Keegan’s side seemed torn between going for the win to seal a play-off place and a draw to at least give them a chance. The goalless match summed up England’s qualifying campaign, as David Batty was red carded and the team struggled to stamp their authority on the game. Indeed, they could easily have lost and been definitely out of the running. England had failed to qualify for the next World Cup after being semi-finalists in 1990 and it looked like history would repeat itself after coming so close to winning Euro ’96. They still had a chance, but it was out of their hands.

England now had a month to wait and hope Sweden could do them a favour. Although there was little doubt the Swedes were a better team than Poland and had a near-perfect qualifying record, they were already through and could potentially take their foot off the pedal whereas the Poles needed a result and that extra desire could see them achieve it. But, as with Switzerland digging them out of a hole in the 1982 World Cup qualifying campaign and – for a few days at least – when Israel beat Russia in the Euro 2008 qualifiers, England were thrown a lifeline they hadn’t really merited. Two goals in the final half hour gave Sweden a 2-0 win and the feeling across England was one of sheer relief. The following day’s friendly against Belgium at the Stadium of Light was not the wake many had anticipated, with a renewed sense of optimism in the air. Jamie Redknapp scored a cracking goal in the 2-1 win, as cousin Frank Lampard made his international debut.

Drawing the Scots

For the first time since 1972 England would now be involved in a two-legged tie as they awaited the play-off draw. And what a draw – Scotland v England. “I think we’ve both hit the jackpot,” said Keegan. The sides had met just once in the previous decade since the demise of the Rous Cup and now they were reacquainted with a place in the Euro 2000 finals at stake. Although England would start as favourites, the Scots had a good recent qualifying record and, like England, the only major tournament they had missed in the 1990s was the 1994 World Cup. Scotland boss Craig Brown seemed content with the draw, declaring: “I think the England team were stronger in Euro ’96 [the most recent meeting] and I don’t think we need to fear them.”

  
Paul Scholes helps England to a 2-0 win at Hampden Park.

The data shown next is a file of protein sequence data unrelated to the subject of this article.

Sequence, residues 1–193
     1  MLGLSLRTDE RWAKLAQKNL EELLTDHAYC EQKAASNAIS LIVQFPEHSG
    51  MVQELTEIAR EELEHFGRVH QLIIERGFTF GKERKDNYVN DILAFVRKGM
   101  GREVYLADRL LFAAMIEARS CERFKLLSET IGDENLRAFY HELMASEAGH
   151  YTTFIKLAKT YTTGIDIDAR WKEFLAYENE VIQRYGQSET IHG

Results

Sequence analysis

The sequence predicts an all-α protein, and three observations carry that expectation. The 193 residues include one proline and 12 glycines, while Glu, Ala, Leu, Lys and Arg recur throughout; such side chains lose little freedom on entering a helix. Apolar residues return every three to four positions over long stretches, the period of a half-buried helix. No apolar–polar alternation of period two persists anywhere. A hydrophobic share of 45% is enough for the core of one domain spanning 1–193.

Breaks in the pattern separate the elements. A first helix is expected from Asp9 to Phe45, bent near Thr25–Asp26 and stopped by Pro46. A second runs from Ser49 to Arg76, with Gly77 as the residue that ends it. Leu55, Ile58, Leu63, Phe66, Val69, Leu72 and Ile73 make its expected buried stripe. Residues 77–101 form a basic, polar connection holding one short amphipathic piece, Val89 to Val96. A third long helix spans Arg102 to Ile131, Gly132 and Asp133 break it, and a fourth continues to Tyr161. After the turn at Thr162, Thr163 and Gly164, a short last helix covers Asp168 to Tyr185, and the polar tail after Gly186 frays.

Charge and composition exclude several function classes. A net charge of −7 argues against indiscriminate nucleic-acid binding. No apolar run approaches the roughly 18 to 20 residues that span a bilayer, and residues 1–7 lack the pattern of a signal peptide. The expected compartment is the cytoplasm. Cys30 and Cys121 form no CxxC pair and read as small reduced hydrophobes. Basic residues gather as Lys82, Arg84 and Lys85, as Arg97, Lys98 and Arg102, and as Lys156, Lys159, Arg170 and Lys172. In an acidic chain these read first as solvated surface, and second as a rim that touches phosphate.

After a month of build-up, the talking could finally end on November 13 at 2pm at Hampden Park. Scholes scored twice in the first half as England won 2-0, with Keegan declaring his side “played fantastic today”. Although many would have disputed that version of events, given England rode their luck a bit during the afternoon, there was no question they looked odds on to go through.

The second leg was played four days later, marking Scotland’s final visit to the old Wembley. What should have been a comfortable passage into the finals turned into a night of tension for England and it could have been even worse. Don Hutchinson’s 39th minute goal gave Scotland the lead on the night and if either side looked like scoring again, it was the Scots as England failed to muster a shot on target. David Seaman had to deny Christian Dailly from levelling the aggregate scores late on, as Scotland went in search of extra-time. They never got it, with it not being quite clear who was comforting who as Keegan and Brown hugged at the end. 

England were through but it was Scotland who could leave the field to greater cheers from their fans after winning on the night. “Maybe it was too much for the players psychologically having a 2-0 lead,” admitted a baffled Keegan afterwards, as he again learnt about international management the hard way. But at least England had progressed, something that had looked unlikely after the match in Poland two months earlier. For the Scots, the play-off exit marked the beginning of a long absence from major tournaments – which they are looking to finally end by making it to Euro 2016.